“A kind gesture can reach a wound that only compassion can heal.”
— Steve Maraboli
Three weeks ago, Diego was killed in a motorcycle accident in his native Dominican Republic. He was an uncle, a brother, a son, a grandson and a friend. Grief over his death did not stop the Garcia family from sharing the joy of their neighbors getting a new home, however. In fact, they were the ones who nominated the Rodriguez family and sent pictures of a home that was literally falling apart to a nonprofit agency that works in that country.
Last week, I helped lead a team of a dozen or so volunteers to work on the Rodriguez home. Their story is compelling, too: seven people, three generations, living in a tiny home literally held together with string and some termite-infested boards. Working with a local team, we had the home demolished and the site cleared in 45 minutes.
We also took down a second home (that one took a full 60 minutes), then dug trenches by hand where the concrete foundation would go, laid rebar latticework, mixed concrete on the ground with shovels and spades and then began the concrete foundation. The local team will finish the home over the next couple of months, and the Rodriguez family will have a solid home with running water, electricity and room for all seven people.
The needs that surround us are great. Sometimes the needs are so great and so overwhelming that you might not know where to start. You might think that if you can’t cross the ocean to start an orphanage or build a house or serve in refugee camps, you can’t serve at all. It’s simply not true.
You do not have to cross the ocean to serve. You can simply cross the street.
In fact, for almost all of us, we will have many more opportunities and spend significantly more time serving the people close to us, both physically and metaphorically. You do not need to wait for “someday” to serve. In fact, if you wait for the “perfect day” to serve, you will almost certainly not get around to serving. You can serve in the midst of a hectically busy life, when both money and time are tight. You can serve when you are working full-time in or out of the home, or when you are unemployed. You can serve if you are in the trenches of parenthood or if you have no children. You can serve even in the middle of dark and troubling times.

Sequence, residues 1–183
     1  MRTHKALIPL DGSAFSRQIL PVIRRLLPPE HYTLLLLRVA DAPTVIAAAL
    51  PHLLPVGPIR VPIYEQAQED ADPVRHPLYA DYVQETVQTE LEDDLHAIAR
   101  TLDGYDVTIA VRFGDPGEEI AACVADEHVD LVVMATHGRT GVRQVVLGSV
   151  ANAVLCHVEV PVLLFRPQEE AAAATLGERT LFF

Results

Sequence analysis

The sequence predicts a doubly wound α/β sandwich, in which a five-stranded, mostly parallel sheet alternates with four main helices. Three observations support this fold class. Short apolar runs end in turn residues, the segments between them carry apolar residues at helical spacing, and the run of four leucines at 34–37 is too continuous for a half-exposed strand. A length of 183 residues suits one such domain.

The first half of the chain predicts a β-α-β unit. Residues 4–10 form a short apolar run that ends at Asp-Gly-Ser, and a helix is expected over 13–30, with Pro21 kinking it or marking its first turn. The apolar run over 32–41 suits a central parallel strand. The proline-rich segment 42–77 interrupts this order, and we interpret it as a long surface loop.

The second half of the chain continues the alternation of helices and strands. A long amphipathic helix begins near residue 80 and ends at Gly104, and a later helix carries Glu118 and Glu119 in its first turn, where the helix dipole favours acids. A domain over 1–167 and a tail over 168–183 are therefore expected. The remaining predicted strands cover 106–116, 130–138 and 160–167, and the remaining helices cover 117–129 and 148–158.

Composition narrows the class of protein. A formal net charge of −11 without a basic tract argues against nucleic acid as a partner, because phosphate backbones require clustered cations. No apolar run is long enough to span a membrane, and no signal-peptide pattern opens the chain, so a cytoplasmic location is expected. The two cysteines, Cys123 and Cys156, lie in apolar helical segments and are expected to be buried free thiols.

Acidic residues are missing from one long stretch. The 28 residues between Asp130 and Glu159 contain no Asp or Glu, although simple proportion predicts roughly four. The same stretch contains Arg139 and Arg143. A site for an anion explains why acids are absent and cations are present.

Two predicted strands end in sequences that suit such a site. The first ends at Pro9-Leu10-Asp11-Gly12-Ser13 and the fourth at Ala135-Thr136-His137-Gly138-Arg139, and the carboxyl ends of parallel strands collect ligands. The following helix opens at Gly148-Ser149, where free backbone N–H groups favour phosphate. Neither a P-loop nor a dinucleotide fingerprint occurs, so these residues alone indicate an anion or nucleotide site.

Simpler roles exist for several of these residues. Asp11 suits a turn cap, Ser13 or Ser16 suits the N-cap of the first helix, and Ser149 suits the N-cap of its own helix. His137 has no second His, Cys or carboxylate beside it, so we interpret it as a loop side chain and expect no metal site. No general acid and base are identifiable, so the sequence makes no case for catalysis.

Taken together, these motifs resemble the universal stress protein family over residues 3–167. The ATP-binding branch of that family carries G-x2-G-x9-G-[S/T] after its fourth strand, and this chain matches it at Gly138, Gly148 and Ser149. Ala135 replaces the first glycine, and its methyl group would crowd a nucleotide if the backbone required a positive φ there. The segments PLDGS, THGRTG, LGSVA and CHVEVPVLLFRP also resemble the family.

During the Great Depression in the 1920s, things were rough. Jobs evaporated and many families faced desperate circumstances. Some families, though, found themselves with enough and to spare. My great-grandmother Freda always fed the men who knocked on her door — after they did the odd jobs around their home that she held in reserve, just for them. She didn’t start a food pantry or nonprofit organization, she didn’t campaign for changes in public policy and most of the men she fed probably didn’t even remember her name. She didn’t even cross the street to serve.
But what she did mattered. Feeding one person mattered.
Martin Luther King Jr. said, “Everybody can be great … because anybody can serve. You don’t have to have a college degree to serve. You don’t have to make your subject and verb agree to serve. You only need a heart full of grace and a soul generated by love.” Fred Rogers reminded us that “life is for service.”
You don’t need to be a certain age to serve. Kids collect food for food banks and quarters for shoes. Teens volunteer on Hope Squads to help prevent suicide and serve as tutors to their peers. Adults of a certain age mentor younger folks, serve as volunteer grandparents, rock babies in hospital newborn intensive care units and knit or crochet caps for chemotherapy patients. Those are just the tiniest part of volunteer service opportunities. There are, frankly, as many ways to volunteer and serve as there are people on the planet.
Utah’s Lt. Gov. Deidre Henderson, a member of the Utah Commission on Service and Volunteerism (UServeUtah), noted: “One trait that consistently sets our state apart is the commitment Utahns have to service. Utah leads the nation in volunteerism and is consistently ranked among the top states for both service and charitable giving. I continue to encourage Utahns in every corner of our great state to find a way to be involved in strengthening and unifying our communities.”
Does volunteer work sound like just one more thing to add to an already full plate? I hear you. I know what it’s like to feel overwhelmed, and my initial instinct is to find ways to feel less overwhelmed by taking things off my plate. However, I have found that the more I serve others — and not just my family — the better able I am to handle the heavy demands at home and elsewhere.
What an amazingly beautiful paradox. The more we lift and share others’ burdens, the more ours are lightened.
In signing this year’s presidential proclamation on National Volunteer Week (it’s this week), President Joe Biden said, “We are living in a moment that calls for hope and light and love. Hope for our futures, light to see our way forward, and love for one another. Volunteers provide all three. Service — the act of looking out for one another — is part of who we are as a nation.”
It is a part of who we are as a global community, and just like the Garcia and Rodriguez families are experiencing, it is part of who we are as neighbors.